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Sunday, September 12, 2004 - Page updated at 12:36 A.M.
Warnings about prisoner abuse in Cuba and Iraq ignored, book says
By John H. Cushman Jr.
WASHINGTON Senior military and national security officials in the Bush administration were repeatedly warned by subordinates in 2002 and 2003 that prisoners in military custody were being abused, according to a new book by a prominent journalist.
Seymour Hersh, a writer for The New Yorker magazine who earlier this year was among the first to disclose details of the abuses of prisoners at Abu Ghraib in Iraq, makes the charges in his book "Chain of Command: The Road From 9/11 to Abu Ghraib" (HarperCollins), which is being released tomorrow.
Hersh asserts that a CIA analyst who visited the detention center at Guantánamo Bay, Cuba, in the late summer of 2002 filed a report of abuses there that drew the attention of Gen. John Gordon, the deputy to Condoleezza Rice, the White House national-security adviser. But when Gordon called the matter to her attention and she discussed it with other senior officials, including Defense Secretary Donald Rumsfeld, no significant change resulted.
Hersh's account is based on anonymous sources, some of them secondhand, and could not be independently verified.
Although a number of senior officials were briefed on the analyst's findings of abuse, the high-level White House meeting did not "dwell on" that question, but rather focused on whether some of the prisoners should not have been held at all, the book says.
A White House official confirmed yesterday that this meeting was held and reiterated that the focus, when the matter was referred to Rumsfeld, was on whether people were being improperly held.
Hersh also says that a military officer involved in counterinsurgency operations in Iraq learned of the abuses at Abu Ghraib in November 2003 and reported it to two of his superiors, Gen. John Abizaid, the regional commander, and his deputy, Lt. Gen. Lance Smith.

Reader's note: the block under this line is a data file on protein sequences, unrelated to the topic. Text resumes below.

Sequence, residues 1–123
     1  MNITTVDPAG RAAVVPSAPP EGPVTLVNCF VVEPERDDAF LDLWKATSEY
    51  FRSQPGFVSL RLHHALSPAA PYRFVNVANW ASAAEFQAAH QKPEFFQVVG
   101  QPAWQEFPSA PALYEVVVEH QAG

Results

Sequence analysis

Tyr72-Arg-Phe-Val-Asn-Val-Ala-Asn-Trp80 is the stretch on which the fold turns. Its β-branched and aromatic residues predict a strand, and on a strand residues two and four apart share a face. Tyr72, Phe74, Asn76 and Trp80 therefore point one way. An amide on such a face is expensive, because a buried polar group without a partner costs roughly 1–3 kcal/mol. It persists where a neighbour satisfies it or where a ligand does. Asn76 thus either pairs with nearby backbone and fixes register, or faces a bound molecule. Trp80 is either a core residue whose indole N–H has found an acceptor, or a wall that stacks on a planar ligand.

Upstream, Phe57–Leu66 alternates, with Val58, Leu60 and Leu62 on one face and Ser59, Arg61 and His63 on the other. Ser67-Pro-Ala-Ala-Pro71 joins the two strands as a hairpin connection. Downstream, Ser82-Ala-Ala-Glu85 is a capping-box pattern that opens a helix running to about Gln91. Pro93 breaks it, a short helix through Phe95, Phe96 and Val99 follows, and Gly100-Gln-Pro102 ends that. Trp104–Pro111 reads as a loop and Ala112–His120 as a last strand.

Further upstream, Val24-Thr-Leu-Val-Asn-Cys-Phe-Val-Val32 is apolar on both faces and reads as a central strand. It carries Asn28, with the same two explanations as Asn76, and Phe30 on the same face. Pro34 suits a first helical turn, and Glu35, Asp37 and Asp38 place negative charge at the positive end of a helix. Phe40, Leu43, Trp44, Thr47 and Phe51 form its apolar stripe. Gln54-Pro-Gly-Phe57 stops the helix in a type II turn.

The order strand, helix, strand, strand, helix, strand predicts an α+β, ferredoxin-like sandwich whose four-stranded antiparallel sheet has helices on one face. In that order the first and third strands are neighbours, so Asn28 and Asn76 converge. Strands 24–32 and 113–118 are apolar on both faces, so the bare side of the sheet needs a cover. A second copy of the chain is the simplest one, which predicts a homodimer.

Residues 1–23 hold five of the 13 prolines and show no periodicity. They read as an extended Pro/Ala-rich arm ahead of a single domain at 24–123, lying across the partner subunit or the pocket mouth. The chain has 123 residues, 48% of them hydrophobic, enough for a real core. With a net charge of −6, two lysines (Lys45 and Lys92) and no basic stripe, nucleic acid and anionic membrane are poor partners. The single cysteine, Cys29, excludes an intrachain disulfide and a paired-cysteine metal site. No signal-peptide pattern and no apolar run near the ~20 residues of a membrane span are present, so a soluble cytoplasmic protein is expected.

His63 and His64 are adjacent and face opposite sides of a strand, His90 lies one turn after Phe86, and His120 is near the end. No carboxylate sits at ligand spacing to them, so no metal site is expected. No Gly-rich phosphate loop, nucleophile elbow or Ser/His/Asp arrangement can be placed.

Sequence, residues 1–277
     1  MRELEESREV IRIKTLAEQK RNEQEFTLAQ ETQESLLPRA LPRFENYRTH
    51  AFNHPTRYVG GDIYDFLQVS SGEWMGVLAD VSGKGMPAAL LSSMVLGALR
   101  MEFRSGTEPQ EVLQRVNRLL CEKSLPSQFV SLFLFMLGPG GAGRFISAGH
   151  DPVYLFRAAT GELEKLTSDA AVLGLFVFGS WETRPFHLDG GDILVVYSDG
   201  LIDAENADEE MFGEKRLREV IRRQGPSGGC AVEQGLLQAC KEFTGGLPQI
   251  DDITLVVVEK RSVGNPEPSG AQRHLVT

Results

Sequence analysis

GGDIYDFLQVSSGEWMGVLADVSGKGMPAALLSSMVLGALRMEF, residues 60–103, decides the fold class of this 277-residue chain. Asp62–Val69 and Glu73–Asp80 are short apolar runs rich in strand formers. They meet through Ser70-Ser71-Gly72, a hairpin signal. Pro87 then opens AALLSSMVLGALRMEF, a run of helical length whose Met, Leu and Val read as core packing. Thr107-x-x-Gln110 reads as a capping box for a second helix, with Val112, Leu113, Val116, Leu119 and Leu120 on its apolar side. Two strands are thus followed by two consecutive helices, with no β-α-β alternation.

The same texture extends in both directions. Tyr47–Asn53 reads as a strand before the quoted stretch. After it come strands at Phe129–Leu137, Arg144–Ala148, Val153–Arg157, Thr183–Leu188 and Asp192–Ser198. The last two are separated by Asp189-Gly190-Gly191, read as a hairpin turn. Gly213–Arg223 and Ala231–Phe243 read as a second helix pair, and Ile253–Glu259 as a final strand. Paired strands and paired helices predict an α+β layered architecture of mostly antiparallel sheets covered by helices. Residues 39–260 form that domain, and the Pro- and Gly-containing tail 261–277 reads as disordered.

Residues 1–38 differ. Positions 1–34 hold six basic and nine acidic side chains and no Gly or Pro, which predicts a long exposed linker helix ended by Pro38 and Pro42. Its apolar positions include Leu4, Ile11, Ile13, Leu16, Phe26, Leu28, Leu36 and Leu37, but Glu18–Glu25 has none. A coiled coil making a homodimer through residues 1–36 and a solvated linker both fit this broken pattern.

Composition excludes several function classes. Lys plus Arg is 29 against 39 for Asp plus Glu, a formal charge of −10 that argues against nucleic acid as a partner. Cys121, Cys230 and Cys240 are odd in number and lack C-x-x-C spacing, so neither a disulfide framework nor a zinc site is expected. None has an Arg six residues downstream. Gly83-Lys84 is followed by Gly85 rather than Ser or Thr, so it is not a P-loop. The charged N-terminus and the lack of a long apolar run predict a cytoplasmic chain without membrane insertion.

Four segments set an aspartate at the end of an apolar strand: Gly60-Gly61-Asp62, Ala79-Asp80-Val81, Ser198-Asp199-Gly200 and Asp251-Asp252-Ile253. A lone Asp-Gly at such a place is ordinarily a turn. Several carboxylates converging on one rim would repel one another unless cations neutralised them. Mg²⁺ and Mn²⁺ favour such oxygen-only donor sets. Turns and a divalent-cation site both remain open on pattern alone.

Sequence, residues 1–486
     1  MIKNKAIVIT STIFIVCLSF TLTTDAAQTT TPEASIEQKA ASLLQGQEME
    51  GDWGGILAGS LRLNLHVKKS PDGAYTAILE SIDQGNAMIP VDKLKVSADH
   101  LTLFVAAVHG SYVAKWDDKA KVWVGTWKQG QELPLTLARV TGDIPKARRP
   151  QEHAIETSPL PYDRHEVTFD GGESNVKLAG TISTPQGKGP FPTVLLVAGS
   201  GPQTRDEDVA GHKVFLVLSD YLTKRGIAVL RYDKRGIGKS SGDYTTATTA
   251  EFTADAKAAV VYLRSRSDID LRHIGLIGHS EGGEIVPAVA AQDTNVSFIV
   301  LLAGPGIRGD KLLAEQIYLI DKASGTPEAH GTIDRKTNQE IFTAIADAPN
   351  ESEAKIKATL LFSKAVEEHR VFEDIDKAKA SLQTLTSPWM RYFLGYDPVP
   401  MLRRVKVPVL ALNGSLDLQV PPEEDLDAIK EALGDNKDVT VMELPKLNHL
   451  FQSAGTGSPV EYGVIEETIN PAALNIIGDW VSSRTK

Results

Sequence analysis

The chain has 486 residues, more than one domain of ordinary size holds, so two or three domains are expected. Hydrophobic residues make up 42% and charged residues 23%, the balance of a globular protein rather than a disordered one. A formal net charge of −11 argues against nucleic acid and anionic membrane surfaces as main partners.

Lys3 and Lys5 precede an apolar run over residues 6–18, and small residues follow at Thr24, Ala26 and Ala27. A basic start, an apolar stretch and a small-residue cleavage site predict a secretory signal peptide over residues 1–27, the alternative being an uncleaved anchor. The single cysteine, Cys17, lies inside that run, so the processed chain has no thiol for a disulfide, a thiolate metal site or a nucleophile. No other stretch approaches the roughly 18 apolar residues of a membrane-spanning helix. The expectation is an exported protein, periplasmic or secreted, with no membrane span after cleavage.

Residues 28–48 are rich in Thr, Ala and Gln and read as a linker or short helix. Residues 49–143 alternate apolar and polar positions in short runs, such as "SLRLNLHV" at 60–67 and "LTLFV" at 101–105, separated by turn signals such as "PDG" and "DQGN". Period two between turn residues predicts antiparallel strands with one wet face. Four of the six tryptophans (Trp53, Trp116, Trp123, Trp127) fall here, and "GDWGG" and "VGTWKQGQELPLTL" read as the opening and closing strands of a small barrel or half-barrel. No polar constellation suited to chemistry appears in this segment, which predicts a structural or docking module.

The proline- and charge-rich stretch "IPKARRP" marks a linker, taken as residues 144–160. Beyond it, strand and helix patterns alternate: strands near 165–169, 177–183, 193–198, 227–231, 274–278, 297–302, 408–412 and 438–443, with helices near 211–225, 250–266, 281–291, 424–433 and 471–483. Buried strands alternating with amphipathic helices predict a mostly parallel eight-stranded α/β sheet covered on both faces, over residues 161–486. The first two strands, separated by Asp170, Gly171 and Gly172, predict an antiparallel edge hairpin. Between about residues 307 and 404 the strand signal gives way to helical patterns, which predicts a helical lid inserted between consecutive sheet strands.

"I said there are systematic abuses going on in the prisons," the unnamed officer is quoted as telling Hersh. "Abizaid didn't say a thing. He looked at me beyond me, as if to say, 'Move on. I don't want to touch this.' "
Hersh also writes that FBI agents complained to their superiors about abuses at Guantánamo, as did a military lawyer, and that these complaints, too, were relayed to the Pentagon.
Hersh's thesis is that "the roots of the Abu Ghraib scandal lie not in the criminal inclinations of a few Army reservists" who have been charged so far, "but in the reliance of George Bush and Donald Rumsfeld on secret operations and the use of coercion and eye-for-eye retribution in fighting terrorism."
In particular, Hersh has reported that a secret program to capture and interrogate terrorists led to the abuse of prisoners.
In a statement posted on its Web site, the Pentagon said: "Based on media inquiries, it appears that Seymour Hersh's upcoming book apparently contains many of the numerous unsubstantiated allegations and inaccuracies which he has made in the past based upon unnamed sources."
The statement added that several investigations so far "have determined that no responsible official of the Department of Defense approved any program that could conceivably have authorized or condoned the abuses seen at Abu Ghraib."
Hersh gained notice in 1969 when he revealed the massacre of Vietnamese civilians by Americans at the village of My Lai.
Soldier sentenced in prison abuse scandal
BAGHDAD, Iraq A U.S. soldier broke down in tears yesterday as he admitted abusing inmates at Abu Ghraib prison, receiving a lighter sentence in return for his testimony against others charged in the scandal.
His lawyer said Cruz, a Reservist whose father was a Cuban immigrant and a graduate of the U.S. Military Academy, was suffering from stress after having been wounded in a mortar attack that killed his sergeant a month before the abuse occurred.
Prosecutors accused Cruz of forcing naked prisoners to crawl along the floor and later handcuffing the men together.
"There is no way to justify it," Cruz, from Plano, Texas, said after pleading guilty to conspiracy to mistreat subordinates and mistreatment of prisoners at the grim, walled prison in western Baghdad in October. "I accept full and complete responsibility."
Cruz, assigned to the 325th Military Intelligence Battalion, was sentenced to eight months confinement, reduction in rank to private and a bad-conduct discharge.
The others charged so far have all been low-ranking enlisted soldiers whose attorneys contended their clients were acting under instructions of intelligence agents and civilian contractors.
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